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Why Does Flour Go Bad?

Does Flour Go Bad

Why Does Flour Go Bad?

Does flour really go bad? Flour is one of the few staple food ingredients that almost everyone uses, if not all of them. The only problem is that flour can lose its nutrients (and therefore nutritional value) very rapidly when it’s used in cooking, especially when refined.

Once you begin to use flour, your oven, cookware, and plates (even plastic utensils) will begin to smell musty or stale. Yes, flour will also go bad when you use it in cooking. After just a few months (or even less, depending on how you use it) you’ll notice a subtle change in the taste, odor, and texture of your baked goods, and it might even start to taste slightly gritty, dry, or even stale. If this happens to you, don’t panic! It’s very likely that your flour is actually already spoiled. And here’s the reason why:

First of all, let’s take a look at why flour actually goes rancid in the first place. When you begin baking, air bubbles are created, which causes the surface of flour to expand. The expansion of this surface causes it to swell, creating that slightly foul odor we associate with stale bread. If your flour doesn’t reach room temperature before it starts to go rancid, then it won’t have reached that rancid stage for quite some time.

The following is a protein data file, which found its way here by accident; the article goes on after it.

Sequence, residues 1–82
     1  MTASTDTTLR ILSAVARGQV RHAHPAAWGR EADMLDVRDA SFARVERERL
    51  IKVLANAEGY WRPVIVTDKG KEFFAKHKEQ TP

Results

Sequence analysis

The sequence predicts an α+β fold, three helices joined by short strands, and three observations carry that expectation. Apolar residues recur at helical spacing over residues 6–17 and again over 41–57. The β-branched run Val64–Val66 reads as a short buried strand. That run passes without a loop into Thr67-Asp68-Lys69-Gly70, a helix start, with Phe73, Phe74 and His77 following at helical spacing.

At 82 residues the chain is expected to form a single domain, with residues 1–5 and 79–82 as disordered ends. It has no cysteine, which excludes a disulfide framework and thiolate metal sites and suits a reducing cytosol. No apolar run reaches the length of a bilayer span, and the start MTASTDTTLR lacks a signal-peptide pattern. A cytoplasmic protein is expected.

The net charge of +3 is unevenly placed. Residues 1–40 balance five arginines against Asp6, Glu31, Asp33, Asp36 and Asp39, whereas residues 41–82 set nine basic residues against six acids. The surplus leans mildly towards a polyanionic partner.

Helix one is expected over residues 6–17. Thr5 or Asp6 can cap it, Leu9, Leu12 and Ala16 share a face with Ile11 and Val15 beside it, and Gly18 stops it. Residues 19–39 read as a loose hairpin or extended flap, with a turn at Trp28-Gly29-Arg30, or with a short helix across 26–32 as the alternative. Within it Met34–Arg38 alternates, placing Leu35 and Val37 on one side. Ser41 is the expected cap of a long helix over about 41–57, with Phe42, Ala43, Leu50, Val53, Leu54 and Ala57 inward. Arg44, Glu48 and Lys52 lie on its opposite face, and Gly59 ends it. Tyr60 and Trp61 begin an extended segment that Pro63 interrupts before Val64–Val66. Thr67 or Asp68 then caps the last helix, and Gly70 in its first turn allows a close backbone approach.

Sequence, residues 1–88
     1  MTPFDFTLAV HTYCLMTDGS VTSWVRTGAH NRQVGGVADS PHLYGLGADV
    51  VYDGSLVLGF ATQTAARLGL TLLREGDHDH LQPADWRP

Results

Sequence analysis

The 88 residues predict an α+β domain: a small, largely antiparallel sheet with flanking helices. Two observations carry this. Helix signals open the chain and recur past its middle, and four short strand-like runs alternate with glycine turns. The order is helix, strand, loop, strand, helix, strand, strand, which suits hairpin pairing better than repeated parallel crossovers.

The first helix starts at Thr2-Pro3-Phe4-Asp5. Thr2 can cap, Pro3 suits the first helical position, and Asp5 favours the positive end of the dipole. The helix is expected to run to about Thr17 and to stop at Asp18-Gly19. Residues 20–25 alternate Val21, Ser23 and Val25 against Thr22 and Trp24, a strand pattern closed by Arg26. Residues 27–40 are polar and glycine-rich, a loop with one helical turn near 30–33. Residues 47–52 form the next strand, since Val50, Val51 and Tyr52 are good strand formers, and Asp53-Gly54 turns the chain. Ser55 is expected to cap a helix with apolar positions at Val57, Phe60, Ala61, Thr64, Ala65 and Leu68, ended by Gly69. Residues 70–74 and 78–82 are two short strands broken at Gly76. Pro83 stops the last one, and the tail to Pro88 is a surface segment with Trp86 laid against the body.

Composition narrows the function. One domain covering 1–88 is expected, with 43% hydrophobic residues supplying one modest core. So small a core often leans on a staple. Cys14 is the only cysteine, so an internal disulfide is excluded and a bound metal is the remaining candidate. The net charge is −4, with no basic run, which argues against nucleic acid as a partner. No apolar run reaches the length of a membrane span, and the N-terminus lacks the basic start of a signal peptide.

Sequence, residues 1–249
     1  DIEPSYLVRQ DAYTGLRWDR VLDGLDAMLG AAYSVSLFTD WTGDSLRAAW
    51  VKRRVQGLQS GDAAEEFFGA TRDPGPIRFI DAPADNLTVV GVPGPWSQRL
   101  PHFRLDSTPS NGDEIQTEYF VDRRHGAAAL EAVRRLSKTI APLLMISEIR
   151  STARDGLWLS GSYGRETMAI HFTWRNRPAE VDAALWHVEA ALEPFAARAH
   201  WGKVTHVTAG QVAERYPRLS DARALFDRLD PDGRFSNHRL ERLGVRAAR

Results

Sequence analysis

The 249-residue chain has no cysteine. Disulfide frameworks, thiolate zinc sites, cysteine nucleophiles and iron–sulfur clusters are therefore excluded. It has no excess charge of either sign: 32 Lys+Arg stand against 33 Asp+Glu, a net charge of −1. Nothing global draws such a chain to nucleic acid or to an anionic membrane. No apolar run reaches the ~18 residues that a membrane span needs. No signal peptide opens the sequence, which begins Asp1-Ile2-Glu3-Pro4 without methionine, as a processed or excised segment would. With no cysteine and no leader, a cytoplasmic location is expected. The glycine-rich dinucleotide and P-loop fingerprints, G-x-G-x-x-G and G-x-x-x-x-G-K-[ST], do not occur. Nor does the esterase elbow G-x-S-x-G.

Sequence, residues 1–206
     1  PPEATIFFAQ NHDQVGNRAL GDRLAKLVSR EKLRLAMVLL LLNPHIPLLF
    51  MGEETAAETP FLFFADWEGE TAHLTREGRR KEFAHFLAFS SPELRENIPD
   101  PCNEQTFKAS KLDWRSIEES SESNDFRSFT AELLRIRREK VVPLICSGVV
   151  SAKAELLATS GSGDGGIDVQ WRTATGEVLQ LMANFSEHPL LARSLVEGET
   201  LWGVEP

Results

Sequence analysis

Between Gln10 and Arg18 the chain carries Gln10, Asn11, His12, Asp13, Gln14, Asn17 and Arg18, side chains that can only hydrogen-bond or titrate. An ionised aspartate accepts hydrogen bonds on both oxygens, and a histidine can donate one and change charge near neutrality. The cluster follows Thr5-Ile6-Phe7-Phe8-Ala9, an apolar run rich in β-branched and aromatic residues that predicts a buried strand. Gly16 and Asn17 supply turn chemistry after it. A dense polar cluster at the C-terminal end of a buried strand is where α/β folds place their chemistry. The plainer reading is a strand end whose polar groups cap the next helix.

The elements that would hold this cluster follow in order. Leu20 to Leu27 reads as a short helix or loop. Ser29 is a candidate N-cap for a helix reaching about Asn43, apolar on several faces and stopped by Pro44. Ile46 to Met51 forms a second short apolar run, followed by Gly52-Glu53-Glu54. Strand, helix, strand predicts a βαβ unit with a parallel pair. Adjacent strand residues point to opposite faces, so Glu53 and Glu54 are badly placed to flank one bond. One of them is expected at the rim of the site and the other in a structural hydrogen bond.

You can avoid having this odor by choosing the appropriate alternative flours for your recipes. For example, I prefer to use almond flour in my breads and cakes, as almond flour is a little higher in starch than its counterpart, brown rice flour. By using alternative flours in these recipes, I also reduce the chances of my bread or cake developing “weevils”. Weevils are anything that develops when flour comes into contact with other materials, such as enzymes, protein, and starches.

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Another good reason to use white flour instead of brown rice flour in your baking projects is because white flour is actually easier to digest for people with diabetes. It’s been compared to sugar, which means that a lot of people with diabetes will be able to control their blood glucose much better if they use white flour instead of refined sugar. This is because white flour contains more carbohydrates, which means that it does not “lose” its carbohydrate content when it reaches room temperature. In fact, whole wheat flour tends to keep its carbohydrate levels more consistent. If you cook with white flour, you can actually cook with less oil as well.

Now, here’s the best reason why whole wheat and whole grain flour goes bad if stored in a pantry shelf or refrigerator for six months or longer: germs. As anyone with diabetes knows, being diagnosed with this lifelong condition entails constant monitoring of your glucose levels. You have to test your blood regularly and you have to eat only very carefully designed diabetic meals. Any flour that doesn’t remain freshly baked for six months is not likely to do your body any good.

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